What’s On By Zoe Christodoulides and Chris Ekin-Wood

Love, passion and masks

Giuseppe Verdi’s A Masked Ball performed by the Mariinsky Theatre will form the centre piece of this year’s Aphrodite Festival

How often do you get to see one of the world’s most talked about operas? Be part of the crowd this September as Giuseppe Verdi’s Un Ballo in Maschera (A Masked Ball) takes to the stage.

Performed by the Mariinsky Theatre of St. Petersburg, this performance is undoubtedly one of the most important cultural events of the year. Some of the greatest Russian compositions and theatres were born out of the Mariinsky. Its performance of A Masked Ball will be the showpiece of the Aphrodite Festival, taking place at the Paphos Medieval Castle.

Un Ballo in Maschera has a rather strange history. Under strong pressure from the San Carlo Theatre of Naples for a new work, Verdi decided to take on an opera that had for some time interested other musicians and so went about reworking a libretto by Antonio Somma. The libretto was inspired by events surrounding the assassination of King Gustav III of Sweden at a masquerade ball in the mid 18th century. The opera premi?red in Paris in 1833 and was still being performed in 1857 when Verdi decided to rework it.

Bourbon censorship however meddled constantly with the composition of the opera and Verdi was obliged to make extensive changes to the piece. Shortly after the Maestro arrived in Naples in January 1858, Napoleon III narrowly escaped an attempt on his life, and the censors became even more stifling. Verdi was not willing to distort his opera completely as the San Carlo asked him to, and so broke his contract with the theatre. The theatre sued him and Verdi responded with a libel suit. This legal skirmish ended with the withdrawal of accusations by the theatre and the composer’s promise to finish another work by the autumn. Never has the writing process of an opera had to face so many obstacles!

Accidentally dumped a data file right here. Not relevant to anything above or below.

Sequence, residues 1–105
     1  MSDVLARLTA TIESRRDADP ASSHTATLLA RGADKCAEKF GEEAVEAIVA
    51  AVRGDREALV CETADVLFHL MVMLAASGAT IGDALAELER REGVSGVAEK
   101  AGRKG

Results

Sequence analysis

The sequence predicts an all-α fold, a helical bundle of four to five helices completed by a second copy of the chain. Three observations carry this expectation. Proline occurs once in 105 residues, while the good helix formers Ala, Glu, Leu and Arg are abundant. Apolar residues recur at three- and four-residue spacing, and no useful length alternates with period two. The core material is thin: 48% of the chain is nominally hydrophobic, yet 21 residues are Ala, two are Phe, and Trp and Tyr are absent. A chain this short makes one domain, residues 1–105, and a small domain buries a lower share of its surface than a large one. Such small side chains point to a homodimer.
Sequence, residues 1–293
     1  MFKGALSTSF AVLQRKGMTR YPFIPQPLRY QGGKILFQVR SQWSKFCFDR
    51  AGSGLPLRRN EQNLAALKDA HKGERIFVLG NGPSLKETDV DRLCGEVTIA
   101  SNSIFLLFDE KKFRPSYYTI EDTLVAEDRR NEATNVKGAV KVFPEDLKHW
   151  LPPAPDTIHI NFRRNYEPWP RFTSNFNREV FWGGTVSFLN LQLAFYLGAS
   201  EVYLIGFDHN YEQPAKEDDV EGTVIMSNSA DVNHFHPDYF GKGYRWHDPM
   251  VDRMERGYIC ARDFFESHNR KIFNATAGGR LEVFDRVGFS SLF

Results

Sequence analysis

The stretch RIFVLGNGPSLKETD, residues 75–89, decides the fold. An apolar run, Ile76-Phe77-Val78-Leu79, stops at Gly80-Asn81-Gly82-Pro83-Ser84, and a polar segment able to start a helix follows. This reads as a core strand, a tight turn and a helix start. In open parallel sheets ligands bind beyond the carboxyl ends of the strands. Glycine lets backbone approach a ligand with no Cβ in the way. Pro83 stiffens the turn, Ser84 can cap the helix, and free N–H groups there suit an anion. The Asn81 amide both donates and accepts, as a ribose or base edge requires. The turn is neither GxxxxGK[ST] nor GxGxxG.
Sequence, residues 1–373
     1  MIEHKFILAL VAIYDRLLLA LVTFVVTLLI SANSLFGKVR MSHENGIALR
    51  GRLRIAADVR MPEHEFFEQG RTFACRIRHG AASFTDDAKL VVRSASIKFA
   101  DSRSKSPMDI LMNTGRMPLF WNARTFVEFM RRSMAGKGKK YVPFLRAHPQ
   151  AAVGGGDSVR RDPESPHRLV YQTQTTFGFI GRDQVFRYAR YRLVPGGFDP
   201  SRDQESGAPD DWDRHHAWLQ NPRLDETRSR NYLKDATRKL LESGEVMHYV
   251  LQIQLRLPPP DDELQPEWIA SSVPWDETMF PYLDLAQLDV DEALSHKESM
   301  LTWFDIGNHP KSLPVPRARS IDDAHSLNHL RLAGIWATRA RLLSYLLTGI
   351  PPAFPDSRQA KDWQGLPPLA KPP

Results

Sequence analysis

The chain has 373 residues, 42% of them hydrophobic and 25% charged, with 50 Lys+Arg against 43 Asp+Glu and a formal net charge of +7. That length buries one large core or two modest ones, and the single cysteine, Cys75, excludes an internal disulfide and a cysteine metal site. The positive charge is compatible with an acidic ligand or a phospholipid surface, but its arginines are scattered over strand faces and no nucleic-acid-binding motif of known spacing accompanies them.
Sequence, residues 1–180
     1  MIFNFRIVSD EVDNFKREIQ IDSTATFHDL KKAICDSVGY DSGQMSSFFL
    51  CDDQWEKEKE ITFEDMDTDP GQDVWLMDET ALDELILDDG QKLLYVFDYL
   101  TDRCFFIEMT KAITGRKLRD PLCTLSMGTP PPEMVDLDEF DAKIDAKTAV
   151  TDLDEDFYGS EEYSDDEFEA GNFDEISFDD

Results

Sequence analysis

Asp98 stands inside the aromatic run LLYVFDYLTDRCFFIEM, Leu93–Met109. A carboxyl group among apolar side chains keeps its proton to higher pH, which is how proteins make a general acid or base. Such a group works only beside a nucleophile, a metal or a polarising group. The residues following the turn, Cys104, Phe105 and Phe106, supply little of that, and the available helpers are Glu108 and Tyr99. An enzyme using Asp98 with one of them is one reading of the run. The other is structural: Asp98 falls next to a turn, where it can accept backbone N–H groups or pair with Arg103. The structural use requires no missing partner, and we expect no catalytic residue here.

The opera finally appeared as Una Vendetta in Dominio in the Apollo in Rome. Not even here however did the libretto enjoy any peace as the plot setting had to be changed from Stockholm to Boston and the character of King Gustave had to become the Count of Warwick, governor of Massachusetts. In the words of Shakespeare it was all much ado about nothing. The opera was finally presented with the title Un Ballo in Maschera on the evening of February 17, 1859.

Over a century later, the opera stands as one of today’s most loved works with mysterious dramatic situations, lush melodic vocal lines, and one of opera’s greatest love duets. The Mariinsky Theatre’s cast of young soloists bring to life the intense pleasures and pain of forbidden passion. Coupled with a moral message of forgiveness, this is considered to be one of the most ‘Shakespearean’ operas ever written as the plot blends dark and light, tragedy and comedy.

Riccardo, the Count of Warwick, loves Amelia, the wife of his best friend Renato. When he is found out, Renato plots to murder him at a masked ball. But how can they possibly recognise him at such an event? Oscar, Riccardo’s page, tries very hard to keep his master’s identity a secret but he finally gives it up, with tragic consequences. Performed in Italian, the opera will include supertitles in both English and Greek.

Paphos Aphrodite Festival

Giuseppe Verdi’s Un Ballo in Maschera performed by the State Academic Mariinsky Theatre of St. Petersburg. September 1,2 and 3. Medieval Castle, Paphos Harbour. 8pm. £20, £30, £35, £45. Tel: 8000-8005/26 822218. Email:[email protected]. www.pafc.com.cy